Completing our set of Women’s Sevens previews, Pool C sees hosts Brazil go up against Canada, Great Britain and Japan.
It’s important to remember that while Brazil qualified for the Women’s Sevens by vitrue of being hosts, they have in fact featured in the last two Rugby World Cup Sevens in Dubai and Moscow. The 2009 tournament in Dubai saw Brazil finish as runners-up in the Bowl competition, losing out narrowly 10-7 to China, but they were unable to match that four years later when, despite defeating Fiji in the group stages, they went on to be knocked out in the Bowl quarter-finals.
Brazil have also been regulars on the Women’s Sevens Series in recent years, with their best finish coming in 2013/14 when they came tenth overall thanks to making it into the Plate competition in Dubai and Amsterdam. More recently they featured in the Dubai, São Paolo and Canada legs of the 2015/16 Series, finishing as runners-up in the Bowl on two occasions.
Raquel Kochhann, 23, was Brazil’s top try scorer across their Series events this season with five but it will be the experienced trio of Paulinha Ishibashi, Beatriz “Baby” Futuro and Júlia Sardá who Brazil will look to for inspiration as they try and thrive off a passionate home crowd to make it into the knockout stages.
New Zealand coach Chris Neill is the man charged with trying to make that happen, having already guided the side to a gold medal in the South American Games two years ago in Chile.
Player to Watch: Beatriz Futuro Mühlbauer
The Brazilian star might be known as “Baby” – being the youngest member of a big family – but now 30 she offers the side plenty of experience. Playing in her home city of Rio de Janiero, Mühlbauer will be a key attacking threat for Brazil and has scored 12 tries in 35 Series matches for Brazil in her career.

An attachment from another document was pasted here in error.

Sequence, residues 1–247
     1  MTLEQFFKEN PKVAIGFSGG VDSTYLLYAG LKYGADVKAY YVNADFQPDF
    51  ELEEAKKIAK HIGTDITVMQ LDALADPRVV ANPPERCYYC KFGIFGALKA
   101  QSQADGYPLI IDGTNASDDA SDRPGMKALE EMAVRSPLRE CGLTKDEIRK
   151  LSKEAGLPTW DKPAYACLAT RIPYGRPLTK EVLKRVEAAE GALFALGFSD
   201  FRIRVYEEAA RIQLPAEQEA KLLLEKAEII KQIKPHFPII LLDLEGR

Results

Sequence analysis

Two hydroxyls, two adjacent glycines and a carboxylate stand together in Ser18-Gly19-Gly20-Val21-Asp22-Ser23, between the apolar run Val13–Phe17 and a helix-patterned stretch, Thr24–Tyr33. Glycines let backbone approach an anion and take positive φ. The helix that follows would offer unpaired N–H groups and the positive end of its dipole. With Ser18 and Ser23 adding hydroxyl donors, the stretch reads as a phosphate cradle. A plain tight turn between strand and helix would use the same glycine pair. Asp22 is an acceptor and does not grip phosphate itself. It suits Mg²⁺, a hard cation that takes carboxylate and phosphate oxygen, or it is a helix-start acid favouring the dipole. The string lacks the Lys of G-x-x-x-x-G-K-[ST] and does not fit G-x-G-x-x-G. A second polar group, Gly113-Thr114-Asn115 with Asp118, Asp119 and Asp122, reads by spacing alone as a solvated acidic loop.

Aside from Australia, perhaps no country will head to Brazil with more confidence than Canada following their win in the final leg of the 2015/16 Series in Clermont back at the end of May. That success, defeating Series winners Australia in the final, was enough for Canada to finish third in the overall classification, capping off an impressive campaign in which Canada were also runners-up in São Paolo.
Canada automatically booked their ticket to Rio by finishing in the top four of the 2014/15 Series, when they came second, and off the back of that they come into the Olympics as major favourites to clinch Pool C, coached by John Tait.
A large reason for that is the points-scoring of Ghislaine Landry, who topped the scoring charts in the latest Series by some way with 158 points, at an average of 6.87 per game. That tally included 30 conversions and a penalty, but crucially 19 tries, the third most by any player behind New Zealand’s Portia Woodman and Australia’s Emilee Cherry.
And Landry believes many will be surprised by the standard of the competition in Rio, as she told World Rugby earlier this month: “For those who haven’t seen women’s sevens before, I think they will be pleasantly surprised with the quality of rugby in the women’s game. As a collective it’s incredible how far teams have come in the last few years. The speed, the tackling and the quality and style of attack are better than they’ve ever been.”
Player to Watch: Karen Paquin